The annual newsletter of the British Association of the Sovereign Military Hospitaller Order of St John of Jerusalem of Rhodes and of Malta


My stay at Blessed Gérard's Care Hospice

BASMOM's Vice President travelled to South Africa on a Pilgrimage of her own

BEAUTIFUL COUNTRYSIDE and glorious sunny weather greeted me on my first visit to Blessed Gerard's Care Hospice and Children's Home in the heart of Zululand at Mandeni. I received a very warm welcome from Clare Kalkwarf who runs the hospice with Fr Gerard, who sadly was not there as he was fundraising for the hospice in Germany. I was very soon able to interact with the staff, patients and children, a very rewarding and humbling experience.

But very dark clouds are descending on Africa and this area of Zululand in particular, as an epidemic of AIDS is threatening to wipe out a whole generation of young people, ages ranging from thirty downwards. Over the last 10 years thousands of people have died, leaving many families with only grandparents and very young children, many of whom are HIV positive. One grandmother was left with her young grandchildren and nine graves on her small plot. Many of the Zulu people have no homes, food or money, and there is 83% unemployment. Also, the traditional values of Zulu culture are being eroded by Western influences - promiscuity from both inside and outside the family is the cause of this epidemic.

The Hospice, which is 10 years old, is on three floors and includes a beautiful chapel, offices and visitors' quarters. It is administered by Fr Gerard, Clare Kalkwarf and a small group of dedicated people. They rely on donations to keep it going. For example, just as the hospice was completed they received a very welcome gift of 40 beds from a donor in America. There is also accommodation for 20 children, with good and safe access to play areas. Many of them are HIV positive and will probably only survive to the age of 10. The children go to school and live as normal a life as possible within the confines of the Hospice. Most are orphans and will remain there, but some go home if their families can provide for them.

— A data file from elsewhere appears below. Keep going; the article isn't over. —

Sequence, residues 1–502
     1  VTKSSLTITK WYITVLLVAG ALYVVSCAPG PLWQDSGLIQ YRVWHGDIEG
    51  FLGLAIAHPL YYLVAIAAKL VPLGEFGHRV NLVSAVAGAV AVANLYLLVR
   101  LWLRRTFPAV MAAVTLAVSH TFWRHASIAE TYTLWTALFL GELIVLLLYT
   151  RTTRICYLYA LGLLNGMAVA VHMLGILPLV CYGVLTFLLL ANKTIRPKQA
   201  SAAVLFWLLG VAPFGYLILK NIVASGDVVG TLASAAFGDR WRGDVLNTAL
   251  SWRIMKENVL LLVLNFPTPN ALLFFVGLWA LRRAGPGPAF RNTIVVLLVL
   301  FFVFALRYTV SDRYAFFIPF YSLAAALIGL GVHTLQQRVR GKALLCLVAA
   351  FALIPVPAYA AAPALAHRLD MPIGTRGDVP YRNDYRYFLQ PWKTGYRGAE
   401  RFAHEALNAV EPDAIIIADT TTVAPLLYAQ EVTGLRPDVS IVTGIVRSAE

The Hospice, which can accommodate 40 AIDS patients, is run by a totally dedicated team, including Fr Gerard, Clare, a doctor, nurses and helpers, many of whom are volunteers. Volunteers from overseas also spend time there helping with the patients: Lillian Molloy from Newcastle Upon Tyne, gives up a month of her holidays every year to teach first aid to the Zulus to enable them to work in the hospice. She is doing valuable work.

Clare is the most dynamic of people, dedicating her life in recent years to the care of the patients and children. Also her respect for, and encouragement of, all the staff, must give them a great sense of purpose in what they are doing for the sick and dying. The Hospice is run with all the Christian values and love it deserves. Mass is celebrated each morning and both staff and patients may attend, Catholic or not.

During my stay, I accompanied a nurse on two assessment visits some miles away in a very poor area. On both occasions we returned with a patient requiring treatment. One was a baby girl of about six months whose mother was in hospital and whose father was unable to feed her as he had no money. She was severely malnourished, having been fed only on sugar water for three months. Already while I was there she was responding to an appropriate diet. Hopefully she will be able to return to her family.

The British Association, among others, has given and pledged money for the continuation of the work of the Brotherhood, for which they are most grateful. We are all remembered in their daily prayers.

My final thoughts on these memorable days are that this vital and important work must continue, to help relieve some of the terrible suffering and pain of these poor people dying of AIDS, and to help educate them, as Clare and her team are doing. As she says, if the Brotherhood can save one life, all the hard work is worth it. The work these wonderfully dedicated people are carrying out for the Zulus who live in this very sad country is magnificent. Please remember them in your prayers.

For more information, the Brotherhood's website address is:

Patricia Talbot

The Hospitaller ˇ December 2004 ˇ page 3

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